Patria Vammas Oy rose to the top of its field in the world
Text: Matti Remes Photo: Patria
Some of the success stories of the Finnish mechanical engineering industry have received little public attention. One of these is Patria Vammas Oy.
Its business was launched in the 1950s at a Ministry of Defence factory in Santahamina, which started manufacturing hydraulic tractor diggers.
Production was soon transferred to the Vammaskoski factory in Vammala, now Sastamala. Mechanical engineering operations got up to full speed there. Over the next decades, the yellow tractor diggers made by Vammas gained a solid foothold in the domestic market. They dug countless building foundations and thousands of kilometres of ditches.
Vammas Oy was merged into Patria when the State’s defence materiel industry carried out major restructuring in 1997. This created Patria Vammas Oy. One of its businesses focused on civilian products and the other on weapons systems.
Martti Wallin took the helm of Vammas’s civilian business in 2003. By then, the engineering workshop was focusing on road graders, airport snow removal equipment, and cargo handling equipment.
Wallin, who now heads up Patria Aviation, has many warm memories of Vammas – above all, he remembers the international nature of its business.
“It was an extremely international business. Eighty to 90 per cent of sales were generated abroad.”
Its Swedish and German subsidiaries added to the international scope of its operations.
According to Wallin, Patria Vammas Oy had a relatively small team working on civilian products – but its key asset in strong competition was its heavy-duty technological and commercial expertise. Equally importantly, the team had employees proficient in foreign languages other than English.
“For instance, German clients required the spare parts manager to be fluent in German. That position was held by Tapio Sainio – no problem, he said.”
The company sold road graders to Spain and snow removal equipment to Russia and other countries of the former Soviet Union, such as Armenia.
“Contacts could come from anywhere in the world. The most exotic location might be the Kabul airport in Afghanistan, where our equipment was in use.
North American airports were also an important market for snow removal equipment. For instance, O’Hare in Chicago – at that time the busiest airport in the world – cleared its runways with a Vammas PSB 5500 snow removal machine, which ploughs, brushes and blows clean a 5.5 metre strip of runway in one pass.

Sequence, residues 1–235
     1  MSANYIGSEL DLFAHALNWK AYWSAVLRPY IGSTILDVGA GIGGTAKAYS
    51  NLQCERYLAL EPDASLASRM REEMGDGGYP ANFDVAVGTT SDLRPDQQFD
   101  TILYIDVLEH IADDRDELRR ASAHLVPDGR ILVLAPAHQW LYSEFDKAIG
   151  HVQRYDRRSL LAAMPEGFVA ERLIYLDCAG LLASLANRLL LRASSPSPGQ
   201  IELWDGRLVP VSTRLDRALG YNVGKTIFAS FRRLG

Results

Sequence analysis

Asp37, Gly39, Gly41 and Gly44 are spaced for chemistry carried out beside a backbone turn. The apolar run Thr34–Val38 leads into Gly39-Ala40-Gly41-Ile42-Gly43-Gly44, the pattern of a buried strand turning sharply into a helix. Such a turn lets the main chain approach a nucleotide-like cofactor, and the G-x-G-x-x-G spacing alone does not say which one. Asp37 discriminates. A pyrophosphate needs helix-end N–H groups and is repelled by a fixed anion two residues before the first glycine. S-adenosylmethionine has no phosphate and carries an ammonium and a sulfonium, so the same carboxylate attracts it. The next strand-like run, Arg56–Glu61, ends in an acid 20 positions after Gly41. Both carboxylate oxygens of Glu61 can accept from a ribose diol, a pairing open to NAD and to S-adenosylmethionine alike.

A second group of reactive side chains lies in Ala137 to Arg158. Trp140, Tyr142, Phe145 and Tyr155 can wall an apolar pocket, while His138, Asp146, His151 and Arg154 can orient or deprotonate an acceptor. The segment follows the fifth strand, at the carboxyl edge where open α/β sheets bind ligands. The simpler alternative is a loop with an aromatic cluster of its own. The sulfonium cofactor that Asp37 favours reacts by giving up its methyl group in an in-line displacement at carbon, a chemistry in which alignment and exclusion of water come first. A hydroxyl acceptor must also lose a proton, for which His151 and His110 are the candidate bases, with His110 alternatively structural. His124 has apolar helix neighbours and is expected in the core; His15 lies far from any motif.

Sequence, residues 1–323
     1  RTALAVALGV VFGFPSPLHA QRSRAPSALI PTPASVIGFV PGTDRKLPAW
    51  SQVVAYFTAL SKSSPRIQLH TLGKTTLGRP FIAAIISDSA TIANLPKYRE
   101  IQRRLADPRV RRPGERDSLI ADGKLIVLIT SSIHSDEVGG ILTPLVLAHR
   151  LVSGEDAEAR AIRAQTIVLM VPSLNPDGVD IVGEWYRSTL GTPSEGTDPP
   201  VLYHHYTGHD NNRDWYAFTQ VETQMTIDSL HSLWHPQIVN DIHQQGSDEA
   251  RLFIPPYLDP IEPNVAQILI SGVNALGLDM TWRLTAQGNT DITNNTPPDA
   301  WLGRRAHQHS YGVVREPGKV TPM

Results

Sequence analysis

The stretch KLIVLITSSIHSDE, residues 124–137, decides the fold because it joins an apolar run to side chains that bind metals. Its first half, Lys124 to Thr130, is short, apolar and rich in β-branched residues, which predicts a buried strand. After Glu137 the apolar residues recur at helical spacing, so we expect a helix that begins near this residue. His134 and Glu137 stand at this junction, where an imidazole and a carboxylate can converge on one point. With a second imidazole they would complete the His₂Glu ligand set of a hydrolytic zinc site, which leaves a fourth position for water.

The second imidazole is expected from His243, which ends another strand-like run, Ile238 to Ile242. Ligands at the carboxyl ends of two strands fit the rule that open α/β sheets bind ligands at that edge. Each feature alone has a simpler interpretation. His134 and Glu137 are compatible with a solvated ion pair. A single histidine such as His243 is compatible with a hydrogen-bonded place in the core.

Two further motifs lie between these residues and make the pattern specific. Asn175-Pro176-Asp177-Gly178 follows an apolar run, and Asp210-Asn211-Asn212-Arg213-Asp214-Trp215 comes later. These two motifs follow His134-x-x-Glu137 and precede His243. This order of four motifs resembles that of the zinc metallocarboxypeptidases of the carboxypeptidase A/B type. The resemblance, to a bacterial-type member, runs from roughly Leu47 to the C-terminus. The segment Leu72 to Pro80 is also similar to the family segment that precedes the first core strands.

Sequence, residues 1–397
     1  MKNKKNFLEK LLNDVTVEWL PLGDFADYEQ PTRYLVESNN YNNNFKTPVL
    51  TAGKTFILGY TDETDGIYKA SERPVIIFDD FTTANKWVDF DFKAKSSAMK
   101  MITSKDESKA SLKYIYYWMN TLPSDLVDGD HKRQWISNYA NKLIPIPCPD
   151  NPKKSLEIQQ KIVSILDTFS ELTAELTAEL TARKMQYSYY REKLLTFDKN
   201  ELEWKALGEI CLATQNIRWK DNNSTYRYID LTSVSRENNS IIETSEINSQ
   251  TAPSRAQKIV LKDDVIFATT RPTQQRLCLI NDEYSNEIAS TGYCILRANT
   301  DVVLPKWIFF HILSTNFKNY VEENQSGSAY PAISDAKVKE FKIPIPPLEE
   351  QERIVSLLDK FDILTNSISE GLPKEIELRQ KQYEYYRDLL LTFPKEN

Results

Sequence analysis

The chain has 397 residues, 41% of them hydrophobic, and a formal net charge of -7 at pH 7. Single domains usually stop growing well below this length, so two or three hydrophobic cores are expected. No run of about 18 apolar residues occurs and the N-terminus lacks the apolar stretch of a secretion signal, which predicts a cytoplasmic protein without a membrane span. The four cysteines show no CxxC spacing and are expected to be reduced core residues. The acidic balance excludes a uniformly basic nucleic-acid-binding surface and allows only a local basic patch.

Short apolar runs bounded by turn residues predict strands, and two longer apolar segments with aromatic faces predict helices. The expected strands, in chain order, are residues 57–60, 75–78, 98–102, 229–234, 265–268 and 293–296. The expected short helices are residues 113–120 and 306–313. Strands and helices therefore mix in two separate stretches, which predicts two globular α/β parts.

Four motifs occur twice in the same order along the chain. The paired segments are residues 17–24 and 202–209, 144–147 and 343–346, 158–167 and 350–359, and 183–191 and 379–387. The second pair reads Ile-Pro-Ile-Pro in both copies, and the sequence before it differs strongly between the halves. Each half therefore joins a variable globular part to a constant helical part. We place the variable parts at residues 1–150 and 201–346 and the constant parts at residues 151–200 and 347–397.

“It was nice to see that although the company was small, we and our products were greatly respected. In North America, we could offer the best technology on the market.”
However, the manufacture of civilian products was not a core business for Patria – and so Wallin was given the task of finding new owners for these businesses.
“It put me in a melancholy mood, but this was a strategic decision to divest non-core business.
The road grader business was acquired by Veekmas Oy, a family-owned company based in Kitee, which still has a major foothold in the international market for road graders.
The cargo handling business was sold to a German family-owned company. The snow removal business in turn went to a US company. You can still see Vammas snow removal equipment at North American and European airports, as their current manufacturer, Fortbrand, kept the Vammas brand.
In addition to civilian products, Vammas produced defence equipment and developed weapons systems in Vammala. It made not only ammunition and mortar shells, but also products such as the barrels of cannons and mortar systems. The workshop also repaired and modernised heavy equipment such as tanks and cannons.
Patria no longer produces defence equipment in Sastamala. Weapons systems production has been merged into Land, and the expertise gained in Vammala is now utilised at the Hämeenlinna and Tampere locations.
Patria sold the munition production plant in 2014 to Nammo Lapua Oy, which is carrying on the production of steel mortar shells in Sastamala.
“Patria still owns industrial properties in Sastamala that are leased by other companies,” says Wallin.